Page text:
Tuesday, March 10, 2015

Daily Times Editorial March 11, 2015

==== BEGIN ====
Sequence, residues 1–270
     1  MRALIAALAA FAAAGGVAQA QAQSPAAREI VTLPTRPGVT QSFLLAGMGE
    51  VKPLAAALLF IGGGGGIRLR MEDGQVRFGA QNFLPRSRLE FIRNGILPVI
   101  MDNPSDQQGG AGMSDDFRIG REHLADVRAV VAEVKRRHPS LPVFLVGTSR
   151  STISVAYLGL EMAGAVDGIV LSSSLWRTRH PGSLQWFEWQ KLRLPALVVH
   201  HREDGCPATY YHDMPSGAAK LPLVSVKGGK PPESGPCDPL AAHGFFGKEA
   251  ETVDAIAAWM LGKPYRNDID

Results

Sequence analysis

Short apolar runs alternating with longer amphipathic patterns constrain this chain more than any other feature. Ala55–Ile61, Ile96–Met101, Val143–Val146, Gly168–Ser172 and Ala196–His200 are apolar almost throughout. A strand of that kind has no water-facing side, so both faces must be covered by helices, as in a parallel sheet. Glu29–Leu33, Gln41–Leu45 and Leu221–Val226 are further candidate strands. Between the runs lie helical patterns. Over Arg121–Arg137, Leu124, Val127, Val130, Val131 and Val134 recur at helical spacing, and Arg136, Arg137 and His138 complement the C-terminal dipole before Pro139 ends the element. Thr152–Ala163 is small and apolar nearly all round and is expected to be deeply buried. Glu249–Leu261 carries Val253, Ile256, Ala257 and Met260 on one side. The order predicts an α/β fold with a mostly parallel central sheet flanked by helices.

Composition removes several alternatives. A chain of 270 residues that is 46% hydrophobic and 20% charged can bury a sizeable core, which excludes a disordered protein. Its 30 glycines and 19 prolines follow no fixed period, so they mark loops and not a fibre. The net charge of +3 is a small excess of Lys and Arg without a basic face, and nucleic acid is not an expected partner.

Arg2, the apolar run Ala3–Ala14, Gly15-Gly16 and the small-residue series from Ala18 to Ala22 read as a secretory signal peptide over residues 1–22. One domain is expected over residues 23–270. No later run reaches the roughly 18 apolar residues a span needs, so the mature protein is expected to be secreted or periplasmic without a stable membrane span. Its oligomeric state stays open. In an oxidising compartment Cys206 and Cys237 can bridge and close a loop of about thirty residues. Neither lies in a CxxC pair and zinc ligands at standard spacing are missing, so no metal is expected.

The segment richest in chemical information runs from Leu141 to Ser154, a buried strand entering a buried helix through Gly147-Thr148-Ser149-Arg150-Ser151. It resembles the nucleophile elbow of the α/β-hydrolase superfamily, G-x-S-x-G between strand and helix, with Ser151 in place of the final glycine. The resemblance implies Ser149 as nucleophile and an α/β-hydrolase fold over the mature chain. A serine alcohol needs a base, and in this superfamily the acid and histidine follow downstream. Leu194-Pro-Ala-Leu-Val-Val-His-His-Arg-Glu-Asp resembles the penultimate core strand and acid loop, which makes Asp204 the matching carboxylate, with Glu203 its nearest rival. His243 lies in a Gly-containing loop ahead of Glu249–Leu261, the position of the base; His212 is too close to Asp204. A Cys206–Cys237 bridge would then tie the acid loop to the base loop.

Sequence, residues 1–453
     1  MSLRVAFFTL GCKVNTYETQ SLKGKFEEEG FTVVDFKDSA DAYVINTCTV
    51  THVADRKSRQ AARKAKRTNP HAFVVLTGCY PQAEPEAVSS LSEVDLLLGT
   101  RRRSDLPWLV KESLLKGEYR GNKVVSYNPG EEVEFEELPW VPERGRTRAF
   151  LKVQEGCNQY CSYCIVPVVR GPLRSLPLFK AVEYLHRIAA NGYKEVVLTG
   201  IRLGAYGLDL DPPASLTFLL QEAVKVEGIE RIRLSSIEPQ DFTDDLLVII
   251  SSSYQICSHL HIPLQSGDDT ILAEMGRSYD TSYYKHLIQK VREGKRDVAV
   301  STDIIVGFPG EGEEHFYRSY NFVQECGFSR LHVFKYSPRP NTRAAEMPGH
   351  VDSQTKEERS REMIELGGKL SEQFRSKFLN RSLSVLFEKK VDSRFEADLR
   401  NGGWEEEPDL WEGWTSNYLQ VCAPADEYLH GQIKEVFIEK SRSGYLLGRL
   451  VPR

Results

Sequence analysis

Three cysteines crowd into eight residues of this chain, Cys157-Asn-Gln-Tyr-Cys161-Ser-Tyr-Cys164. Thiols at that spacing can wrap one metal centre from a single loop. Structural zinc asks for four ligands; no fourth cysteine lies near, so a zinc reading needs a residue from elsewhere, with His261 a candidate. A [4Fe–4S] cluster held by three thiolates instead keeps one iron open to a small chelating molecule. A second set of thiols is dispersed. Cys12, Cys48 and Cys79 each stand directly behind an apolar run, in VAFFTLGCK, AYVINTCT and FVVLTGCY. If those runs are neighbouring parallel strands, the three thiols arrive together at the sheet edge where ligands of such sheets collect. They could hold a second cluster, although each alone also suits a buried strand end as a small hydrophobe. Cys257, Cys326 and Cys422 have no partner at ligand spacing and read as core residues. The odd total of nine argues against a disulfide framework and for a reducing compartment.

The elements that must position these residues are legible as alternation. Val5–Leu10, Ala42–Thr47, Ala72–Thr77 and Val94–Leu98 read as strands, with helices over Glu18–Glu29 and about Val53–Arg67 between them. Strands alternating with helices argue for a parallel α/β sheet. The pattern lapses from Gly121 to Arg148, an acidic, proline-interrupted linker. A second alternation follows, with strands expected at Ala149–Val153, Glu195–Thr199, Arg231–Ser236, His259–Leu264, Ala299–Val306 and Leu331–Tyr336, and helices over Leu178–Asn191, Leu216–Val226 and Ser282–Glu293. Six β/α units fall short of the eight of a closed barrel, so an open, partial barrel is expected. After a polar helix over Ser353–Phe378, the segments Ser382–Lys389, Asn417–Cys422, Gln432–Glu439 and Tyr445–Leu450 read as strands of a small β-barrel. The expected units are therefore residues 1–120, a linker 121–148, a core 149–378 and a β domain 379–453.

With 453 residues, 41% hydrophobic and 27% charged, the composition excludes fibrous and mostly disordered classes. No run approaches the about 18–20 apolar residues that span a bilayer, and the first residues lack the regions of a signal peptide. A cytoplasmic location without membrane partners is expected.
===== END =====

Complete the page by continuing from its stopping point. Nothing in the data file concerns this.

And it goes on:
IHC verdict A two-member bench of the Islamabad High Court (IHC) comprising Justice Noorul Haq Qureshi and Justice Shaukat Aziz Siddiqui has upheld the death sentence of Mumtaz Qadri under Section 302 of the Pakistan Penal Code while striking down his death sentence under Section 7 of the Anti-Terrorism Act. It may be recalled that Qadri was sentenced to death under both provisions by an Anti-Terrorism Court on October 1, 2011. His appeal before the IHC had been hanging fire since then. The IHC bench had reserved judgement on February 11 this year. On Monday, March 9, 2015, amidst tight security around the IHC and a ban on the entry of media and the general public, the bench pronounced its 64-page verdict. The court had little difficulty in coming to the conclusion that Qadri had committed premeditated murder in the light of the prosecution evidence and the stance of the accused himself. Qadri had unabashedly confessed to the murder, which his defence team had tried to paint as extreme provocation brought about by the late Governor Punjab Salmaan Taseer’s criticism of the misuse and abuse to which the blasphemy law was being put. The Governor stood up for a poor Christian woman, Aasia bibi, accused of alleged blasphemy and sentenced to death. For this act of kindness, sympathy and truthfulness, Salmaan Taseer had 28 bullets from Qadri’s gun pumped into him from behind by a man charged with the duty of protecting the Governor. On the count of terrorism, however, the court allowed the appeal on the grounds that Qadri’s act had not caused fear or panic, and therefore could not be considered terrorism. With due respect to the honourable court, their lordships should ascertain people’s reactions to the horror that January 4, 2011. The overwhelming sentiment was that if even a Governor of the strongest province of the country was not safe in the hands of his security detail, who was? The court also failed to take into account the indirectly associated murder of Minister for Minorities Shahbaz Bhatti two months after Taseer’s assassination, also for demanding changes in the blasphemy law that has been open to so much abuse since it was first made more stringent by General Ziaul Haq. Nevertheless, the immediate effect of the ‘half-half’ ruling is likely to be that Qadri will not be going to the gallows any time soon. While his defence team rejoices at the reversal of the terrorism charge, they contemplate going to the Supreme Court (SC) in appeal against the remaining death sentence, while others amongst his fanatical supporters speculate about the possibility that, despite the IHC’s declaring the Anti-Terrorism Court entitled to hear the terrorism charge, pressing for a retrial by a sessions court for murder under Section 302 alone. Others dream of the pie-in-the-sky that Taseer’s family may forgive the murderer, allowing him to walk free. Of course, in the midst of Qadri’s supporters’ usual celebrations, amongst whom unfortunately must be counted a great many lawyers, advocates of the rule of law and critics of the much abused in practice blasphemy law will be less than happy. Unfortunately the government side seems tight-lipped and reluctant to commit to any appeal to the SC, citing the difficulty of finding lawyers to stand as prosecutors in the case. While a detailed perusal of the IHC verdict must wait, reports in the media outline the arguments examined by the bench in coming to its final conclusions. The judgement rightly condemns Qadri for relegating to himself the mantle of accuser, judge, jury and executioner without reference to his assigned duty, the law and the constitution. It also examines the defence team’s attempts to paint Qadri as motivated by purely religious zeal. The judgement quotes from Islamic history and the Prophet’s (PBUH) practice to demonstrate that even in Islam, no one is allowed to arbitrarily take the law into their own hands, even if blasphemy is involved. The verdict refers to the example of mercy practiced by the Prophet (PBUH) to forgive those who had strayed from the correct path and maligned him. The exception was those waging war against the newly formed Islamic state. On the touchstone of humanity, duty, religion and the law, therefore, the court found no mitigating circumstances and upheld the death penalty for premeditated murder. Only time will tell, however, whether the striking down of the terrorism charge will help the wily Qadri escape the retribution he so richly deserves.

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